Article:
The system is likely to be introduced on German roads this year, and Mercedes hopes to bring it to the U.S. in a year or two. Like Cadillac's Super Cruise system, it will only be available for use on specific roads, with more added as time goes by. Also available with Drive Pilot will be an advanced automated parking system that can navigate up complicated driveways and between obstructions.

How's the EQS' storage?

Unlike the S-Class, the EQS has a large hatch instead of a traditional trunk. Cargo space is a generous 22 cubic feet, which is smaller than the Tesla Model S and larger than the Porsche Taycan. Sadly, there is no frunk (front trunk), but the main cargo area should easily suffice.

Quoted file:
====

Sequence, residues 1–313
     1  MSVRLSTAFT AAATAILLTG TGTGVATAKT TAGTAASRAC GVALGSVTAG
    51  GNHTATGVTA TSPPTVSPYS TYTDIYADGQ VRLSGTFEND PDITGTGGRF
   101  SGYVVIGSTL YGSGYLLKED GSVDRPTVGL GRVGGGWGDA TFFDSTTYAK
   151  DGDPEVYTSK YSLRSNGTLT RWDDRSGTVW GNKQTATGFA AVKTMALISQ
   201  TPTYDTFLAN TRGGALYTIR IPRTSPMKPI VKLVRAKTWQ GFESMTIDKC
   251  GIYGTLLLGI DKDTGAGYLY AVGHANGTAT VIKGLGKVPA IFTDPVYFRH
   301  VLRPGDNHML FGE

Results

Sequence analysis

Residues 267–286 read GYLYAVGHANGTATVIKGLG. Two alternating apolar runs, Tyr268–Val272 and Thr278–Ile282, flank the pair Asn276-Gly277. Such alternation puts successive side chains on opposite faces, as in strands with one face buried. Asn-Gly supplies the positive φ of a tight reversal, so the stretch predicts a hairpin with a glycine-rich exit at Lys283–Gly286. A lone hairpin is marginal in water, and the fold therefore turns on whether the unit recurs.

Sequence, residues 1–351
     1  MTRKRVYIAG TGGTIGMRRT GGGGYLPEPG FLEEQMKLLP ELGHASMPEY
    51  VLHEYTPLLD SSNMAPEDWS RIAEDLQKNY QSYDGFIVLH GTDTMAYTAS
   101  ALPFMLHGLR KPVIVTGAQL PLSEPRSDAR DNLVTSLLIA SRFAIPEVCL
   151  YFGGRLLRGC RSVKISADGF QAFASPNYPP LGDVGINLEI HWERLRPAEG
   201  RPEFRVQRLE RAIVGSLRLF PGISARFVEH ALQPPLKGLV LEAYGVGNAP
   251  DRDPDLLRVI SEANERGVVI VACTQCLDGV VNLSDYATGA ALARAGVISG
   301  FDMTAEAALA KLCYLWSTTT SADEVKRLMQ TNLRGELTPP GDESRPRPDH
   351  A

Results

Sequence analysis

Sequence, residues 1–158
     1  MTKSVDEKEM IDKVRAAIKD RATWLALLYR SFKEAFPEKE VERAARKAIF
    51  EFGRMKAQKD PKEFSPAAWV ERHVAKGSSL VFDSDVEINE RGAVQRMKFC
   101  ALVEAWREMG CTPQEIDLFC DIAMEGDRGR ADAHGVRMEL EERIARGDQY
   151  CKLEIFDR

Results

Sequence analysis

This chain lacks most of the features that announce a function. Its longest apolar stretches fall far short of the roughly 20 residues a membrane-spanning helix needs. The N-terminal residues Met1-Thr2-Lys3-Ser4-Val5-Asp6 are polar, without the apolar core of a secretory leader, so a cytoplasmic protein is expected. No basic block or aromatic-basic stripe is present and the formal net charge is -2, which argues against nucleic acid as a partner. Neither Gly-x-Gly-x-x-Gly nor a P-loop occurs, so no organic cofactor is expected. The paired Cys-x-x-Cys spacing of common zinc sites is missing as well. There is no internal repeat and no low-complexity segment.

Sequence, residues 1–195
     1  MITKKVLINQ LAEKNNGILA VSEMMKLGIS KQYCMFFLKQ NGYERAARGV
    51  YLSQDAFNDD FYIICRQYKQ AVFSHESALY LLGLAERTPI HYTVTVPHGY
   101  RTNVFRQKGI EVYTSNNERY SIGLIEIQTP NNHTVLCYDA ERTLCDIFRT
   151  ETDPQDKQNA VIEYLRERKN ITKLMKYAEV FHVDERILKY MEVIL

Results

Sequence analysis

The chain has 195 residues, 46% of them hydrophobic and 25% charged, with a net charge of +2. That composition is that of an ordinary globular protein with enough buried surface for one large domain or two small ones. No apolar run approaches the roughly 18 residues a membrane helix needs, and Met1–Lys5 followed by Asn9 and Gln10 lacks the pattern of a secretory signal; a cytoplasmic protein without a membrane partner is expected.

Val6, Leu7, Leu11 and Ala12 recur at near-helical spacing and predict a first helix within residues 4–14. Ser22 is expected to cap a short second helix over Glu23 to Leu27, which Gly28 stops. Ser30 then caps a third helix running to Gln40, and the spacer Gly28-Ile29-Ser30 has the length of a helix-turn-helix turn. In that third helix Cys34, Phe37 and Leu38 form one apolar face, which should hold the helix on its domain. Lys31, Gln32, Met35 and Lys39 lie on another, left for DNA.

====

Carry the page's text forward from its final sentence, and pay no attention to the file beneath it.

As far as interior storage goes, the EQS has plenty of places for your personal items. A large bin under the central infotainment screen hides two cupholders, a wireless charging pad and additional pockets. There's also a bin under the armrest, and large door pockets should easily handle any overflow.

Edmunds says

The short answer? Like an S-Class but better.

Mercedes has been noticeably absent from the push for electric vehicles, but this 2022 EQS proves that the wait was worth it. With impressive performance, long-distance range, unassailable interior quality and cosseting comfort, there are few cars that can match this level of excellence, electric or otherwise.